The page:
(5) Electric wires are cut based on the calculated lengths, and a terminal is crimped onto an end portion of each electric wire by a terminal-crimping device.

(6) An operator sub-assembles (temporarily binds) the electric wires to one another. In the finished wire harness the ends of some of the wires should be located within a respective connector (the connector having a housing to receive the end), and the operator inserts the end portion of these wires into these respective connector housings during this step.

(7) Finally, the operator correctly places the sub-assembled bundles of electric wires on the table used for assembling the wire harness, combines the sub-assembled bundles with one another, and then binds a plurality of bundles together with adhesive tape. Then, any additional electric components are installed at respective required positions. In this manner, the production of the wire harness is completed.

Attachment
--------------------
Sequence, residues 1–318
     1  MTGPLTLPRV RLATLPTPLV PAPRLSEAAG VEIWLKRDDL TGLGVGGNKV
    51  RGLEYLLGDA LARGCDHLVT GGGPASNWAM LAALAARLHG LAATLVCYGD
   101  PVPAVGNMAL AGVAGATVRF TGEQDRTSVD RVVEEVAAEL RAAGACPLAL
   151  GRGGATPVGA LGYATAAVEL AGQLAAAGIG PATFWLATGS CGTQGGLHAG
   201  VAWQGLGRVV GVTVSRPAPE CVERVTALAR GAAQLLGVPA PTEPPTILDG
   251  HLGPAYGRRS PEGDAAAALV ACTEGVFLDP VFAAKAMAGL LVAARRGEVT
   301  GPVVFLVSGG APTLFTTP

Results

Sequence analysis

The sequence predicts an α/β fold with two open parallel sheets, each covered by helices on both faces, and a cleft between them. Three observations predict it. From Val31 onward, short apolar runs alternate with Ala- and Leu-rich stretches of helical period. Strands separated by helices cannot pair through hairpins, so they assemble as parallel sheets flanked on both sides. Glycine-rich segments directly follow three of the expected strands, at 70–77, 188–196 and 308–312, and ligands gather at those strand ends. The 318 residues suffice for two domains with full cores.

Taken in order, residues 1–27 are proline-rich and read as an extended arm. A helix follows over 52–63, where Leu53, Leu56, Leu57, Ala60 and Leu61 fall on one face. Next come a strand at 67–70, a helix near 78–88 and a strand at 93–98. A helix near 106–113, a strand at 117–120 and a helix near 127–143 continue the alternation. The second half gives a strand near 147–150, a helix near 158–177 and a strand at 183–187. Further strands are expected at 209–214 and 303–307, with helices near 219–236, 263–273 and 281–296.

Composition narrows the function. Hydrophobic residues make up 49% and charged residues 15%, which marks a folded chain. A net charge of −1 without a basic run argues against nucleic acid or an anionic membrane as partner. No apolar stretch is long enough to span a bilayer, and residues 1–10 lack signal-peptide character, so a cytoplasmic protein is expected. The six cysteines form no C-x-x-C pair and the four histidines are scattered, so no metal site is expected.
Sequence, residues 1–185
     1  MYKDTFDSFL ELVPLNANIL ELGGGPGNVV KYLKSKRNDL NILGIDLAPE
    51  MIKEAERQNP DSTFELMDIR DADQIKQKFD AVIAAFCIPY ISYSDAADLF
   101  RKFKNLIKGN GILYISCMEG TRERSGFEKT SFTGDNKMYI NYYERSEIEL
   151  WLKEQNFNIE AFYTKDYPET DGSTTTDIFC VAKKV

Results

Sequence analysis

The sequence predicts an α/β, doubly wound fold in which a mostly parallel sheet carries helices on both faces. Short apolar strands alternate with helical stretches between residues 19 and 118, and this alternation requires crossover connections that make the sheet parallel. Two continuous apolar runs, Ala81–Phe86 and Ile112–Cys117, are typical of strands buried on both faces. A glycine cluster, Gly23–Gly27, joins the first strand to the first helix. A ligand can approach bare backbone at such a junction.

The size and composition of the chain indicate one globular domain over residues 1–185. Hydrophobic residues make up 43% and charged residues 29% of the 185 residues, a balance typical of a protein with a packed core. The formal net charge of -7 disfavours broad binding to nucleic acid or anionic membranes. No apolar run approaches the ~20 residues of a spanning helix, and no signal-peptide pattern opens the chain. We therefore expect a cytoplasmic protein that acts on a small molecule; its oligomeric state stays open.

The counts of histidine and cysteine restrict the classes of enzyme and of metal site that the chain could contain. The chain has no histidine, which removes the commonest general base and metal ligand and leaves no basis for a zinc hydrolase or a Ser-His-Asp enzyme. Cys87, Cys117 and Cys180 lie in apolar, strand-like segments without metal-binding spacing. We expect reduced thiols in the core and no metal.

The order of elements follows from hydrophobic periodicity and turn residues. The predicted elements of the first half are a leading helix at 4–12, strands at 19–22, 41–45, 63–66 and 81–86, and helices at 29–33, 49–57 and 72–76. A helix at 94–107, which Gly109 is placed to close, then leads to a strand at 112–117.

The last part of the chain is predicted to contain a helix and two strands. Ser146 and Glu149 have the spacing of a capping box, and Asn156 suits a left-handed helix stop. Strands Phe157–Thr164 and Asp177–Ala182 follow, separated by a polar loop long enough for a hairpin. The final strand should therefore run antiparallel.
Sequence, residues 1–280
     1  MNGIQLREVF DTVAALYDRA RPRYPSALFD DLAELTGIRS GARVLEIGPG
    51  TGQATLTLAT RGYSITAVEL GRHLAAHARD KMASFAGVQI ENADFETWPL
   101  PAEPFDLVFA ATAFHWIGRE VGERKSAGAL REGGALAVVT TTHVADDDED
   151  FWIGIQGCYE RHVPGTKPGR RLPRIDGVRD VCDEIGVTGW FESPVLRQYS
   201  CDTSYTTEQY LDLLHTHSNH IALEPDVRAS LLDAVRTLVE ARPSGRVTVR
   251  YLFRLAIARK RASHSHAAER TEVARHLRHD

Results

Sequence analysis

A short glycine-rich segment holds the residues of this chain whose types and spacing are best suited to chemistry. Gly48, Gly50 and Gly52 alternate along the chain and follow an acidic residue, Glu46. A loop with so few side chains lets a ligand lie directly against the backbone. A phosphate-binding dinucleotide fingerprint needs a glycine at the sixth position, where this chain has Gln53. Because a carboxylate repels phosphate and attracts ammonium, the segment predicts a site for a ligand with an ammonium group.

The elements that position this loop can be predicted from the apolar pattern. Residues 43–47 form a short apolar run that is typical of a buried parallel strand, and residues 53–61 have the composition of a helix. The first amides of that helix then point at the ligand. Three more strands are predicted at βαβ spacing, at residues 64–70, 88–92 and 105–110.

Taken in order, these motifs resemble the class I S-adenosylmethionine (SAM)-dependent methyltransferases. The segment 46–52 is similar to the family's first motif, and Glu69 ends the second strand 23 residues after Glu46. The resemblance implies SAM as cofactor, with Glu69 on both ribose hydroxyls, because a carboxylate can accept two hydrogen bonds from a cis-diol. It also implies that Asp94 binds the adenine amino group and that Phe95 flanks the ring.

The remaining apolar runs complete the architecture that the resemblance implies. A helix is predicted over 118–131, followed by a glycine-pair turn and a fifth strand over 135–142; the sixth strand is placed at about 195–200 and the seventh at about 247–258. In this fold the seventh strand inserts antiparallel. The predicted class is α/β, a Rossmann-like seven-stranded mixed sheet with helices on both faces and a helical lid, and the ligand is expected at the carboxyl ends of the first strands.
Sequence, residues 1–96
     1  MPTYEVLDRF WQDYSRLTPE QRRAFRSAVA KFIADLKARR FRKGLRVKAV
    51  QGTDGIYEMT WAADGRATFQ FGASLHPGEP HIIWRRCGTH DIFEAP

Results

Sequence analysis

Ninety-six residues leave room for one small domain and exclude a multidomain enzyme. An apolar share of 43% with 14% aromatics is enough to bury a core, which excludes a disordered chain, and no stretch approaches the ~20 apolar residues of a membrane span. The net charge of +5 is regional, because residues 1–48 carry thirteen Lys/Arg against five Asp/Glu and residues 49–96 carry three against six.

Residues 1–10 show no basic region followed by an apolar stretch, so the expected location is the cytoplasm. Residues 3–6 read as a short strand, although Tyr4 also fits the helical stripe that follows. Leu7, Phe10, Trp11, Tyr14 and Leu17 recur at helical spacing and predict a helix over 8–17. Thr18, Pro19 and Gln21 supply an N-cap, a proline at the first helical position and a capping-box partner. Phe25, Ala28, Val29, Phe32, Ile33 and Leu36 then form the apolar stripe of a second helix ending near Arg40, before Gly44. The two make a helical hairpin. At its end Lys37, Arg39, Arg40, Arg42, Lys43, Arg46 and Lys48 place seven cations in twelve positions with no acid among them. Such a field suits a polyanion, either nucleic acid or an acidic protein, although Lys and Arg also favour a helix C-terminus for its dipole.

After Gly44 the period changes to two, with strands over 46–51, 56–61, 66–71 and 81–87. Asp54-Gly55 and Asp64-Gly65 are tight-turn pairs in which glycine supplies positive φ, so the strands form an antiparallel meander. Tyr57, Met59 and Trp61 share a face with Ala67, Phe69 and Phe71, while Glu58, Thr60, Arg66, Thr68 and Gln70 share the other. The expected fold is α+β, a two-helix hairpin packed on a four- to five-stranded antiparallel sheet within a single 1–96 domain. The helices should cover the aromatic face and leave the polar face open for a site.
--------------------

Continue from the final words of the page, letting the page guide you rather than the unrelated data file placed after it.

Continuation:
As part of step (7), as illustrated in FIG. 1, in order to straighten the electric wires an operator draws some of the groups of electric wires by hand in a direction away from their connectors (i.e. away from the ends of the electric wires), and then binds the straightened parts of the electric wires together with adhesive tape (T). The reason why the operator binds the electric wires starting at the end nearest the connectors is to ensure that the position of the end of each wire agrees with the length indicated on the assembly drawing, at least to within a certain tolerance. If instead the operator were to bind the electric wires starting at an inner part of the wire harness and work towards the connectors, then the electric wire would be much too long at the connector (i.e. the position of the end would differ from the position indicated on the assembly drawing by more than the tolerance).